Too complex to have been self created
What I like about laws of nature is that they would apply equally for equal conditions anywhere in the universe.
If an object behaves in a certain manner in the village, if you can replicate the conditions in the city, the behaviour will be the same. If an object experiences a force of gravity on Earth, it will also experience a force of force of gravity on Mars or on Haumea, a dwarf planet orbiting on the distant fringes of the Solar system. The only difference is that the magnitude of the force will be different on the various bodies because their masses are different.
The Moon is bound to Earth by a force of gravity and because it is in motion, it keeps revolving around the Earth, with gravity acting like a centrifugal force keeping it bound to Earth.
Human have mimicked the behaviour of the Moon by sending artificial satellites which also orbit the Earth like the natural satellite, the Moon, does. We have thousands of artificial satellites orbiting the home planet although we are unable to see them with the unaided eye.
There are numerous other natural processes which human mimic. The camera, for example, has been fashioned around the eye. It lets in light through lenses like the eye does and that light forms an image, just like how the eye works.
Since the dawn of human civilisation, humans have been wondering how birds and other cretures are able to take to the skies and achieve flight. After several unsuccessful attempts man was eventually able to make aircraft. When I was a boy, my peers and I used to sing a song which went like “Azungu nzeru, anapanga ndege: sikanthu kena, ndi nzeru zawo” (beause of his intellectual prowess, the white man made an aeroplane).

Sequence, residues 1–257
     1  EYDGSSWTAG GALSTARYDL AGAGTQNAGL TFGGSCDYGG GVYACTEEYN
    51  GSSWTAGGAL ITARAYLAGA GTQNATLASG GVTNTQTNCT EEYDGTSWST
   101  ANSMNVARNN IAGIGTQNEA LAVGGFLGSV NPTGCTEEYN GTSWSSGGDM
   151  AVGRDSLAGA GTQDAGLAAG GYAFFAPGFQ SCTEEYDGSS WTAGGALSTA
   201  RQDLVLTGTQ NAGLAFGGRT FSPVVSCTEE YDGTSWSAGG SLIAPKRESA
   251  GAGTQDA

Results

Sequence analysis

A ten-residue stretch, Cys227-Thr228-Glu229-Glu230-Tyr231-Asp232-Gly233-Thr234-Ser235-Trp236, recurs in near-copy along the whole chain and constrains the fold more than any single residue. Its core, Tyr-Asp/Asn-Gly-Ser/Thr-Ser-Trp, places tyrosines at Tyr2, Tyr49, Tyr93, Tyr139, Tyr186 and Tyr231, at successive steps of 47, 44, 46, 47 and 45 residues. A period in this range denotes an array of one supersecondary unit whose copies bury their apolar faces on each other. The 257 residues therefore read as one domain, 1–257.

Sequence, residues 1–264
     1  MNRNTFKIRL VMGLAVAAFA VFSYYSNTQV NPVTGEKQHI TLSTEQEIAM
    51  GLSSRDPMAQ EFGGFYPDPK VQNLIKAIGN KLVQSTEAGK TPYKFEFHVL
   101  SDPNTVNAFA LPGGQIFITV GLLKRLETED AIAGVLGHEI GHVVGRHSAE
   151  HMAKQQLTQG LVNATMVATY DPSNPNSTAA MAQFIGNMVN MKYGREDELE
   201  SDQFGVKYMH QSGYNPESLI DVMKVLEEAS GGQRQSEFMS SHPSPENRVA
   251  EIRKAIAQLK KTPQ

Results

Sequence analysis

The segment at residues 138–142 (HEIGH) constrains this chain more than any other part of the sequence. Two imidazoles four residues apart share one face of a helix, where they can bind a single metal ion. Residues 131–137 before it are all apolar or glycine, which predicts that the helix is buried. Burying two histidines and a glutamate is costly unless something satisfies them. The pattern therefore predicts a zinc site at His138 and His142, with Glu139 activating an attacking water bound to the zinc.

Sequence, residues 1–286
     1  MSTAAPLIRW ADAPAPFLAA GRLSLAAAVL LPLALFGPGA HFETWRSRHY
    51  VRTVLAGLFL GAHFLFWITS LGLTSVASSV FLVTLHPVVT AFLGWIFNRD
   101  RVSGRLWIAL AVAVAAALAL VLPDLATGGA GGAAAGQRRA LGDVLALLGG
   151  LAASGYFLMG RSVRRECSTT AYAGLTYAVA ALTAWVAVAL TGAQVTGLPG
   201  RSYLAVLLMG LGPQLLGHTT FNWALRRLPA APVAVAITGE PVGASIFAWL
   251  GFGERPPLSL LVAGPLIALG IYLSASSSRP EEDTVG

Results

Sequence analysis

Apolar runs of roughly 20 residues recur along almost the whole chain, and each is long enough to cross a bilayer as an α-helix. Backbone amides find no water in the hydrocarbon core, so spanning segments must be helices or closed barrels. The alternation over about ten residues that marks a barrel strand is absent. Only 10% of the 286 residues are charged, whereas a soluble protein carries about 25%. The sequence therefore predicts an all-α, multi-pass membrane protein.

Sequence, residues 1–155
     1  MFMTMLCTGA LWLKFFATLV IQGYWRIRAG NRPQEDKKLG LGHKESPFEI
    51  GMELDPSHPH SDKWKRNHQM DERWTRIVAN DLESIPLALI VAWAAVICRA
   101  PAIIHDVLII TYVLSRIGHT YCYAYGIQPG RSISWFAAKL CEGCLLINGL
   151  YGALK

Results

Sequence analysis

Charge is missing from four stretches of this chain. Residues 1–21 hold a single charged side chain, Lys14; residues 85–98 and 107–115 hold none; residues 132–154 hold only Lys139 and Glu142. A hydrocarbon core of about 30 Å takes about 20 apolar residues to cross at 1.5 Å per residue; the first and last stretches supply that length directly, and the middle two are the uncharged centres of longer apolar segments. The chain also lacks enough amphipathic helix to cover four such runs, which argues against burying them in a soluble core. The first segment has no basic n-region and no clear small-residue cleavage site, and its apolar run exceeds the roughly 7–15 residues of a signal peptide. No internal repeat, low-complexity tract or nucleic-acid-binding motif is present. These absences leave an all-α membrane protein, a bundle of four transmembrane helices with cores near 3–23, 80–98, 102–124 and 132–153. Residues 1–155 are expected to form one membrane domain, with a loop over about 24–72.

This tune contains two assertions worth everybody’s serious considerations. First, the tune recognises that an aeroplane was made. Secondly, it recognises that whoever made it was an intelligent being.
I love and respect scientific enquiry but I find it hard to accept that while a plane was made, a bird, which the plane mimics, was not made but rather it developed by a chance meeting of certain molecules. I do not fully subscribe to the theory of evolution. Thankfully, it is still a theory not a law.
There are some natural phenomena embedded in the evolution that I subscribe to. One such phenomenon is what is called natural selection. I have no qualms about it at all. What natural selection says is that if any organism is disadvanteged in its environment it either has to change or it will get wiped out.
When the industrial revolution started to take root, there was an abundance of smoke in the air in the UK. As a result of the smoke, trees and other objects standing outside houses got contaminated with soot and became black. White butterflies were more easily spotted against the background of black surfaces than their black counterparts. Therefore butterfly predators quickly picked out white butterflies and devoured them. As a result white butterflies became extinct. This is a good example of natural selection and noone can argue against it.
But to state that living things developed by themselves because the right molecules came together to form them is stretching the imagination a little too far. For one thing such an assertion contradicts one of the fundamental laws of Physics, namely that left to themselves things naturally go towards a state of greater disorder. The scientific jargon used is that entropy (state of disorder) increases rather than decreases in a natural set up.
For another, the human body is so complex that to claim it came together by forces of evolution demeans it a great deal. I have given the allegory of the monkey before. If you let a monkey sit at a computer and let its hands reach the keybound it can strike the keys as it wants to, but will not come up with something resembling a Shakespeare play or George Fredrick Handel’s music. These are powerful pieces of art requiring a high level of intellect to be put together. Similarly, it is foolhardy to believe that we just came about by an accident of unguided nature.
I urge everybody to search within their body functions and appreciate how complex and efficient our bodies are, with each part having been carefully designed to function efficiently and effectivey. It takes one part of the body to malfunction a little for us to appreciate how vital that part is.Would it be vital by accident? I do not think so.